As the prologue acknowledges, the primary source of The Two Noble Kinsmen is Geoffrey Chaucer’s “The Knight’s Tale” (1387-1400), which was itself based on Giovanni Boccaccio’s romantic version in the Teseida (1340-1341; The Book of Theseus, 1974) of a story from Statius’s Latin epic Thebais (c. 90; Thebaid, 1767). Statius, in turn, derived his story from one of the oldest and most tragic Greek legends: the history of Thebes. Although the only book-length study of The Two Noble Kinsmen—Paul Bertram’s excellent Shakespeare and “The Two Noble Kinsmen” (1965)—argues that the play is solely the work of William Shakespeare, most scholars agree that John Fletcher collaborated with Shakespeare on the play. Shakespeare is thought to have written act 1, the first scenes of acts 2 and 3, and act 5.
Many scholars have noted the unity of image and purpose throughout the play and argue that the two playwrights collaborated throughout the writing of the script, even if one or the other is primarily responsible for certain parts. The scenes attributed to Shakespeare are generally criticized for their formal, ritualistic quality and lack of concern for character development. Fletcher’s scenes are acknowledged to be more dramatically effective but also more melodramatic.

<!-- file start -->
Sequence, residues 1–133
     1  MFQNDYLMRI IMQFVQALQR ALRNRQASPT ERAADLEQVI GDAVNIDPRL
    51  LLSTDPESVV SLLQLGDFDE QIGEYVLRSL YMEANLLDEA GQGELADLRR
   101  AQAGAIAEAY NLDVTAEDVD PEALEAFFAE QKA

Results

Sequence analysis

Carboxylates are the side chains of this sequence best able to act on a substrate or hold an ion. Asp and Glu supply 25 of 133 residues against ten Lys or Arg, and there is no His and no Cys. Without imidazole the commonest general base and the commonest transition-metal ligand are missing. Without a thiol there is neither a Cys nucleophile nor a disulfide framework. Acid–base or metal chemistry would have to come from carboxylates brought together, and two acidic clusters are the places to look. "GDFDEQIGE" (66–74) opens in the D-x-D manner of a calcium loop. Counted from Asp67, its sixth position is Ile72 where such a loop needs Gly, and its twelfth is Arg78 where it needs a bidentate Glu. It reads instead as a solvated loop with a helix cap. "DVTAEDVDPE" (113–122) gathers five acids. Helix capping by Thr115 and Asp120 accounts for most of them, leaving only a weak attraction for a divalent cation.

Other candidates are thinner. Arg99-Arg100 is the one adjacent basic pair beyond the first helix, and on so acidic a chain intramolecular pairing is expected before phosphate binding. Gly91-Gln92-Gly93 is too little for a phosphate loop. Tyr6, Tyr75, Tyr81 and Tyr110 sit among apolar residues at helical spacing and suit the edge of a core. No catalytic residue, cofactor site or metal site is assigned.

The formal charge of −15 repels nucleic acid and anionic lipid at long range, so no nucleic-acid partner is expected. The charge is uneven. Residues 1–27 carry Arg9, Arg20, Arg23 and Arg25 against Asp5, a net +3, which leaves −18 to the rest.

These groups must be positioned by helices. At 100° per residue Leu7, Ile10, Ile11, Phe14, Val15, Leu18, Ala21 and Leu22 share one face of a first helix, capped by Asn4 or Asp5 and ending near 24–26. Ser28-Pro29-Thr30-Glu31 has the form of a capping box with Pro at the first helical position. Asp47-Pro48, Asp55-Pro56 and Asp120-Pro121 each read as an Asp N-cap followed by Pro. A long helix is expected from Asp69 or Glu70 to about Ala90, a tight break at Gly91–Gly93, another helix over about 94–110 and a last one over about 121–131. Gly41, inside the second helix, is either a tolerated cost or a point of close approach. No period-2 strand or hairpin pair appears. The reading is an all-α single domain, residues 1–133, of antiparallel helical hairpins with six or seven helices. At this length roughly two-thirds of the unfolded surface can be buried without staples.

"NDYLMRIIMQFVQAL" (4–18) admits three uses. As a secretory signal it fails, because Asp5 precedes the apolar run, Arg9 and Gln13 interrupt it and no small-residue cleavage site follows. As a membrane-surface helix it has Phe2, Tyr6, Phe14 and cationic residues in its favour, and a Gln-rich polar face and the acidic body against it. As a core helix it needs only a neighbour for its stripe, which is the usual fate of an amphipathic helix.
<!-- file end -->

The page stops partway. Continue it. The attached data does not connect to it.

The play revisits themes and concerns of Shakespeare’s earlier plays: the nature and influence of the patriarchy, the disruptive power of love, the movement from innocence to experience, and humanity’s relationship to fate and the gods. Shakespeare’s vision here is darker and more melancholy than in previous plays. Theseus, the champion of patriarchy, is rather cold and remote, and his determination to impose order on the chaotic forces within and without human beings is revealed as successful only in partial ways and only after the destruction or...
(The entire section is 785 words.)